Onin suemon zogan

Here’s another Onin tsuba for comparison to the one in the previous post.

9.91 cm H x 0.42 cm T mimi, 0.18 cm T seppa dai

Large, thin and unusually intact, it’s one of the nicer ones to have survived. Clearly the hitsuana are original. Without inlay, it would be a good ko-katchushi guard.

Occasionally some styles of early iron tsuba are found in versions with no inlay, with hira zogan or with nunome zogan that would be attributed to Tosho/Katchushi, Heianjo and Ko-Shoami respectively. It seems unlikely that these were actually the work of different “schools” but were various options available on the base model. I’ve wondered if all of the work was done “in house” on these, or if the inlay work was subcontracted out to an specialist.

In any event, the customer opted for maximum opulence in this case.

The plate surrounding the kiri mon and kiku shows the clearest signs of having been worked to hold the shinchu suemon inlay in place.

The kiku here, particularly on the lower left show some brass exposed outside of the design that wasn’t buried under the iron. It’s not as pronounced as in the previous example with the botan inlay. I’m not sure it’s quite the same thing. Also interesting is how the brass tendrils are fitted together – definitely not obvious without magnification.

The kiri mon on the back side shows a little more “flange” to it. Perhaps not quite as carefully done as the front.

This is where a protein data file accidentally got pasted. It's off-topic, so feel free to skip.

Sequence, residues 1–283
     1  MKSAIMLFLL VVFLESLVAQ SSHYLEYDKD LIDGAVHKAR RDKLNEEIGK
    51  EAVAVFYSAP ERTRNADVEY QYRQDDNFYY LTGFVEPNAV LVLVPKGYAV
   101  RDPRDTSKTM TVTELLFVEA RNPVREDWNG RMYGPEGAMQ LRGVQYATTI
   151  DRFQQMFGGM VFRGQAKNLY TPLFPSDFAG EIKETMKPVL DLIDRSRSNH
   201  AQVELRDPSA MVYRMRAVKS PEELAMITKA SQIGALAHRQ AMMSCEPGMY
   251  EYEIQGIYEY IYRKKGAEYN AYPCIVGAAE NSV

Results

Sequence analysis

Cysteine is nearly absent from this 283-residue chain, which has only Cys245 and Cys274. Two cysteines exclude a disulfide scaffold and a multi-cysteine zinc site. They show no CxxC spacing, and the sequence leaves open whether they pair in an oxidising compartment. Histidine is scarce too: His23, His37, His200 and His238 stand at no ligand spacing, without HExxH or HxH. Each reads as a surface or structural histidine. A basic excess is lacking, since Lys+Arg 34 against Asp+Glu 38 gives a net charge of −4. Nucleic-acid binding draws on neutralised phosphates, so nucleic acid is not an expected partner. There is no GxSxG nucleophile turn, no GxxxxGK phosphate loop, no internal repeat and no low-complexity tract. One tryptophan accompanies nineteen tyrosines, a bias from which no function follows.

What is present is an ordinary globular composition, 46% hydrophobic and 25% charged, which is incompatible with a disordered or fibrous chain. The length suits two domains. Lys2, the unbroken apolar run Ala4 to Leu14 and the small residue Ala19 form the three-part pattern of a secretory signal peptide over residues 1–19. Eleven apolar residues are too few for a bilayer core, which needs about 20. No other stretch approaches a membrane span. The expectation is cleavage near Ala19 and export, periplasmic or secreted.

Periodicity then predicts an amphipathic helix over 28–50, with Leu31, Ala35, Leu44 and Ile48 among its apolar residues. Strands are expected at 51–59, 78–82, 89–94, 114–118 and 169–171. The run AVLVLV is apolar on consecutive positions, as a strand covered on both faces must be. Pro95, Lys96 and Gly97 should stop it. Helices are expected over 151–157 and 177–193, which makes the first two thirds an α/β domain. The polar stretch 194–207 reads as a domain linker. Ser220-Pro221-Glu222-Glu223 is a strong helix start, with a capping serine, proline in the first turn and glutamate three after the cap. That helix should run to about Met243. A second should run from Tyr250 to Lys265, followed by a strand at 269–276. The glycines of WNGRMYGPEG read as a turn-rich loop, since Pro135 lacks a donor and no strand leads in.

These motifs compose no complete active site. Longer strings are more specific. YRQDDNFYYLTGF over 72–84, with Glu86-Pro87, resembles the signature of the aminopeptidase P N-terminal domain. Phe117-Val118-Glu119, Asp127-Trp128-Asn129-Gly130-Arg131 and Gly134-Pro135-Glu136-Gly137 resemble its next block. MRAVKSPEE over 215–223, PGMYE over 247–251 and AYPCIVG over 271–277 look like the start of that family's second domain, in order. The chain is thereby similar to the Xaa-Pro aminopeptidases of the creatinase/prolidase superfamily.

Given how often brass inlay tsuba from the Edo period are missing pieces it’s remarkable that one this old was worked carefully enough to hold on to even the thinnest elements. In guards with some losses it’s usually possible to see the undercutting of the iron plate done around the edge of the missing inlay to hold it in place. I’ll keep an eye out for one to photograph.

2 thoughts on “Onin suemon zogan”

  1. Hi Jim.

    Fascinating tsuba. So much here. so large. so extensive. so intact. so thin. so old.. such presence to survive intact five centuries… and the wonder of who made it.. custom order… it must of been very expensive at the time… opulent as you say….great tsuba.. a masterwork of the time… dazzles I am sure in person.

    Thank you for posting and for the observations regarding the inlay, how it is affixed here and in the Onin before with the Peony.. the flanges on the Onin have always fascinated me.. that they were there are remained for centuries.. and to me give me a look into the soul of the piece…

    Stuart

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  2. Indeed a fascinating Tsuba here!
    I do like it a lot.
    I always did wonder me about these early guards- especially if we do compare their´s calm expression and generally speaking very elegant way to express a special stilism in those times taste of art.
    They somehow remind me to the work of Ko-Mino.
    Reading your´s idea about a eventually custom order in using already existing plates, least this hypothese sounds very promising- in fact, i think you are very right!
    A connection with Ko-Mino and maybe Ezo is more then just visible.
    Beautiful Tsuba! Thanks for posting it Jim.

    Christian

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